". . . and having done all . . . stand firm." Eph. 6:13


Threatening Johnson Now ‘Is Like Playing with a Loaded Gun in a Crowded Room’

March 28, 2024

If there’s one place no one’s putting all their eggs this Easter, it’s in the House GOP’s basket. Thanks to attention-seekers like Rep. Marjorie Taylor Greene (R-Ga.), getting comfortable with the Republican majority is a luxury this speaker will never have. In the days since her selfish ploy to oust Mike Johnson (R-La.), even the media seems increasingly charitable about the predicament he’s in. “Mike Johnson’s Job Is Impossible,” a sympathetic headline from Business Insider read. But what can he do about it? “The short answer,” author Madison Hall wrote, “not much.”

It’s not exactly a “fruitful work environment for Johnson,” Hall pointed out, when he’s tasked with “leading and fundraising for the increasingly dysfunctional House of Representatives.” What was once a thin margin for the GOP majority is almost non-existent now, Congressman Ron Estes (R-Kan.) lamented. “And so, Speaker Johnson’s been dealt a tough hand. You know,” he told Family Research Council President Tony Perkins, “when he was elected speaker, the problems didn’t magically go away. He still had to work to address some of these issues out there. And most recently, he’s been trying to struggle through … appropriations for fiscal year 2024. And that’s now behind him. … And we’ve got to focus on: What do we do moving forward?”

But moving forward was difficult enough without rogue members holding Johnson’s job hostage. “This is like playing with a loaded gun in a crowded room,” Perkins said. “I mean, with such slim majorities, you could actually — for the first time in the history of Congress — Republicans could lose control of Congress mid-session if they vacate the chair and the Democrats [get a few] Republicans [to go along] with them.”

Like a lot of conservatives, Estes isn’t sure what Greene is hoping to accomplish. “I haven’t talked to Marjorie about what her thought process was in doing that. I mean, obviously, there’s a lot of issues that that we need to address … [including] U.S. border security, addressing support for Ukraine, for Israel, for Taiwan.” Already, he explained, there are “mixed belief[s] and preferences amongst the Republicans, as well as amongst the Democrats, in both the House and the Senate. And those are the issues now that we’ve got to pivot to while we’re starting to work on the 2025 appropriations process, and hopefully we’ll have calmer heads to move forward.”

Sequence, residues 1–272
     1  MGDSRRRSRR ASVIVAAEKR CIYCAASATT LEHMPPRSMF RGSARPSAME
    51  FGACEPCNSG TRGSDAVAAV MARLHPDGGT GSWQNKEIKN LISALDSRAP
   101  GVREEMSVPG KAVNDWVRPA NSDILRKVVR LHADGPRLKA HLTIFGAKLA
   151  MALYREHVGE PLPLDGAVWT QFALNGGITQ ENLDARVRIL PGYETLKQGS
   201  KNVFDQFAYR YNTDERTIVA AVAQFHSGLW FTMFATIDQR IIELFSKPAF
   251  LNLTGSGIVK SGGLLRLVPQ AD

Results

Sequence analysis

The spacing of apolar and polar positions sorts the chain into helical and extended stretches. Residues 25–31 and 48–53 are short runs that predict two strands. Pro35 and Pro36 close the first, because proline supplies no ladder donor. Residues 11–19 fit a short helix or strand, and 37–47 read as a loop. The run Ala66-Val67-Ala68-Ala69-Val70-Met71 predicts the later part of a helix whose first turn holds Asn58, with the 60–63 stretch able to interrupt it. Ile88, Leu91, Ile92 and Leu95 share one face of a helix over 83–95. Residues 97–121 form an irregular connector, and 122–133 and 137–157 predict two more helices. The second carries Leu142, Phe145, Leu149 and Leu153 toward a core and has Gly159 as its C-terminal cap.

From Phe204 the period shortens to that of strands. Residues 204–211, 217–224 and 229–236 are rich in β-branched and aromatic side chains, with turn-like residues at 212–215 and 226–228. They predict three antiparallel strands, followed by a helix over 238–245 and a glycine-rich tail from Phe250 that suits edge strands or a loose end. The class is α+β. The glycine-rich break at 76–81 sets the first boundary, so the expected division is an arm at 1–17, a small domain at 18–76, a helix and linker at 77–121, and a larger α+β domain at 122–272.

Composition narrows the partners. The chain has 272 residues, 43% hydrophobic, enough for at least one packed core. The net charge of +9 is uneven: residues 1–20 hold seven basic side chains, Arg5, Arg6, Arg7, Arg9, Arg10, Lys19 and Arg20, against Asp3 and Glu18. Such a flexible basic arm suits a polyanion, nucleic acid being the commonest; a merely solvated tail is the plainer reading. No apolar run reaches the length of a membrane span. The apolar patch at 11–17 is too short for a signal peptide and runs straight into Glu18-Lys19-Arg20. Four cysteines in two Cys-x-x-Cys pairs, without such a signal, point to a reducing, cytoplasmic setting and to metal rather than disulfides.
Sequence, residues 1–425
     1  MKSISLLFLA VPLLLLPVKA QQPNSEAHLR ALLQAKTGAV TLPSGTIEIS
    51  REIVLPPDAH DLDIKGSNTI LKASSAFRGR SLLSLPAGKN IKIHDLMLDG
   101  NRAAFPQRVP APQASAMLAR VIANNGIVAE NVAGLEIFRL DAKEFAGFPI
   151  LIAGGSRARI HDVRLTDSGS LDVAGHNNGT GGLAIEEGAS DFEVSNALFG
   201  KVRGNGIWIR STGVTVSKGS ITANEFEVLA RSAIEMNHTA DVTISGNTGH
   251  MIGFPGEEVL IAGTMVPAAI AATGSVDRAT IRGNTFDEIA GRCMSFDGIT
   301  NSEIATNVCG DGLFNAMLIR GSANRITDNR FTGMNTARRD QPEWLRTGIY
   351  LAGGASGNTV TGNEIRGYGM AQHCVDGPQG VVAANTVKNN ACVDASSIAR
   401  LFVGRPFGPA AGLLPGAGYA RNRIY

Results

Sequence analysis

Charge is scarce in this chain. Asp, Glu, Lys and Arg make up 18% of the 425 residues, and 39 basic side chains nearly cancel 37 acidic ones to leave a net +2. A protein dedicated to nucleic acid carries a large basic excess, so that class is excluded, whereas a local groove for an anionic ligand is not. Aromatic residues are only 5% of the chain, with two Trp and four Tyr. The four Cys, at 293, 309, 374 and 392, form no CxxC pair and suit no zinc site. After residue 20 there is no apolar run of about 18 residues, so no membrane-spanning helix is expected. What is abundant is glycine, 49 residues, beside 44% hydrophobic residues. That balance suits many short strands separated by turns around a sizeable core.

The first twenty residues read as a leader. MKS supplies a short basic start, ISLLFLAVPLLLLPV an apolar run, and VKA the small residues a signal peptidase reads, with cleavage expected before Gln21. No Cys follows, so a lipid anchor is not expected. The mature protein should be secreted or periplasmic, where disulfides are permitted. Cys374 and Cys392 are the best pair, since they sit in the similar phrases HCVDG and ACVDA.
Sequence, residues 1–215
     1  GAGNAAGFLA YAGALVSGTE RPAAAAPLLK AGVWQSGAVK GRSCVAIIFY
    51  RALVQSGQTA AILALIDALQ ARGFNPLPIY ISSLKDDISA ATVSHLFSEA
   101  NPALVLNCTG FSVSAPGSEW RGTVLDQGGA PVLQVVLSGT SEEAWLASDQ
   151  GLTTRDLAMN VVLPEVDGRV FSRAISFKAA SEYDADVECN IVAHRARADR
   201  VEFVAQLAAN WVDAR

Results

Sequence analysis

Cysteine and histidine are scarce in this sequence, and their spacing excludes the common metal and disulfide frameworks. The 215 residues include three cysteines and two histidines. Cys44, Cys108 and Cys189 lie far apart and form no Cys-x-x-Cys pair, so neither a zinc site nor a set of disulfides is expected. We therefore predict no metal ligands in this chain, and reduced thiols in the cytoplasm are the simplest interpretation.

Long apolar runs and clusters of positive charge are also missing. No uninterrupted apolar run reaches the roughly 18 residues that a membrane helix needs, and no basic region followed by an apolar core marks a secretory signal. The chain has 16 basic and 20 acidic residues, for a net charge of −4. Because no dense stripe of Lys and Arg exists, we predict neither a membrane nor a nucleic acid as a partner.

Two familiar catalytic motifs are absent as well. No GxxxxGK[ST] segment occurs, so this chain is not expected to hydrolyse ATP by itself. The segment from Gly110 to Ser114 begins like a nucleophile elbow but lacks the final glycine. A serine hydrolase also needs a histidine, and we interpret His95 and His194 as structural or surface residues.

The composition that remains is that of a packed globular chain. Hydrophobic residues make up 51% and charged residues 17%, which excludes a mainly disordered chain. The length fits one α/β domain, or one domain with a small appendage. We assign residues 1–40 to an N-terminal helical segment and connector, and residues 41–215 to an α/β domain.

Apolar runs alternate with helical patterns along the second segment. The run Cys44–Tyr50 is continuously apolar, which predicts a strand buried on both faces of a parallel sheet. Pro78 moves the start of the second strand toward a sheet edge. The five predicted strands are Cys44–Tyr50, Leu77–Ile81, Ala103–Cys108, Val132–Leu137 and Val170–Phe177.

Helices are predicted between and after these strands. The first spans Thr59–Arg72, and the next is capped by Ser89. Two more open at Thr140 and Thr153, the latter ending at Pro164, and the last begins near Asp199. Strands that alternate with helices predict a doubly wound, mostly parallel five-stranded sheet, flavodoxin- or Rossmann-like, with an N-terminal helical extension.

No matter what happens, Greene says, she is “not going to be responsible for [Democratic Minority Leader] Hakeem Jeffries being speaker of the House.” She blames the Republicans leaving early (like Reps. Ken Buck, Kevin McCarthy, and Mike Gallagher) who the Georgian claims “don’t have the intestinal fortitude to handle the real fight and the responsibility that comes with leadership…”

Obviously, people are frustrated by the $1.2 trillion dollar spending package, Johnson’s supporters admit. Perkins, who openly tells viewers that he and Mike are close, said if he were in Congress, “I would have voted against it. In fact, I told the speaker I was opposed to it because it had some bad stuff in it — a lot of bad stuff in it,” he reiterated. But as Estes pointed out, the framework of those six bills was already in place when he came in. “He had very little room to work with.”

And what most Americans don’t realize, House Majority Leader Steve Scalise (R-La.) told Tony Wednesday, is that these same hardline conservatives who wanted to shut down the government, wouldn’t commit to opening it back up again. In other words, the leadership’s job was, as Hall wrote, impossible. “[Our options] were very limited, unfortunately,” Scalise insisted. “And part of it starts with only a one-seat majority in the House. There are some of our members that weren’t going to support anything, no matter what you put [in front of them]. We wanted to put some border security measures there, and there were some members that weren’t even going to vote for that. And so, the other side knows that, and it weakens the negotiating position.”

While it wouldn’t have been all that painful to turn some lights off in Washington temporarily, “let’s be clear about a shutdown,” Scalise emphasized. “A shutdown doesn’t end Joe Biden’s border policy. The president, during a shutdown, gets to decide what gets funded and what doesn’t. That’s not a law I like. … During a shutdown, everything gets funded at current levels, except the things the president of the United States deems nonessential. Well, guess what this president is going to deem essential and non-essential? It’s not going to be the things you and I agree with. So that’s one of the challenges that you face, is that if you get a shutdown, Joe Biden’s making the decisions over what gets funded and what doesn’t.”

If conservatives thought this compromise was bad, imagine the White House taking an ax to defense spending or refusing to process illegal immigrants or injecting more agencies with radical pro-abortion, pro-trans programs. So frankly, it’s not as easy as people think. For Johnson, it was “really kind of a choice between bad and ugly,” Perkins agreed.

For now, there’s one thing every Republican should agree on, Estes pointed out, and that’s moving forward. “We want to [take] some positive [steps] and chang[e] some of the bad habits that Washington has been in for decades now. And that’s the focus that we should be putting our effort into, and [we] want to continue down that route.”

At the end of the day, Scalise reminded everyone, “the real answer is in November … if we really want to stop this madness.” Until then, the GOP needs to find a way to get along — or get out of the way.

Suzanne Bowdey serves as editorial director and senior writer at The Washington Stand.